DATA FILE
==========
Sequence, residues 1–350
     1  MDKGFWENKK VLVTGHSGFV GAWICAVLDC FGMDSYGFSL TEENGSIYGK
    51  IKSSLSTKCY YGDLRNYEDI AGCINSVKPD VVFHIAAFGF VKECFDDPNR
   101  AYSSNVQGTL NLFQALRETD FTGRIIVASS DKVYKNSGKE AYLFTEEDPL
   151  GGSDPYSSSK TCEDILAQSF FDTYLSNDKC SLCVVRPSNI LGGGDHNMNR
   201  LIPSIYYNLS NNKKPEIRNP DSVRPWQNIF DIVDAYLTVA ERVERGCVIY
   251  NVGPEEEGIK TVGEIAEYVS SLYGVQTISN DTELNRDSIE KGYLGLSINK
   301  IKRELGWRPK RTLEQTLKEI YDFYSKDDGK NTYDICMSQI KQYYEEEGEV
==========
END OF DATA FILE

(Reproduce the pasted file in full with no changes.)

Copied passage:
Sequence, residues 1–350
     1  MDKGFWENKK VLVTGHSGFV GAWICAVLDC FGMDSYGFSL TEENGSIYGK
    51  IKSSLSTKCY YGDLRNYEDI AGCINSVKPD VVFHIAAFGF VKECFDDPNR
   101  AYSSNVQGTL NLFQALRETD FTGRIIVASS DKVYKNSGKE AYLFTEEDPL
   151  GGSDPYSSSK TCEDILAQSF FDTYLSNDKC SLCVVRPSNI LGGGDHNMNR
   201  LIPSIYYNLS NNKKPEIRNP DSVRPWQNIF DIVDAYLTVA ERVERGCVIY
   251  NVGPEEEGIK TVGEIAEYVS SLYGVQTISN DTELNRDSIE KGYLGLSINK
   301  IKRELGWRPK RTLEQTLKEI YDFYSKDDGK NTYDICMSQI KQYYEEEGEV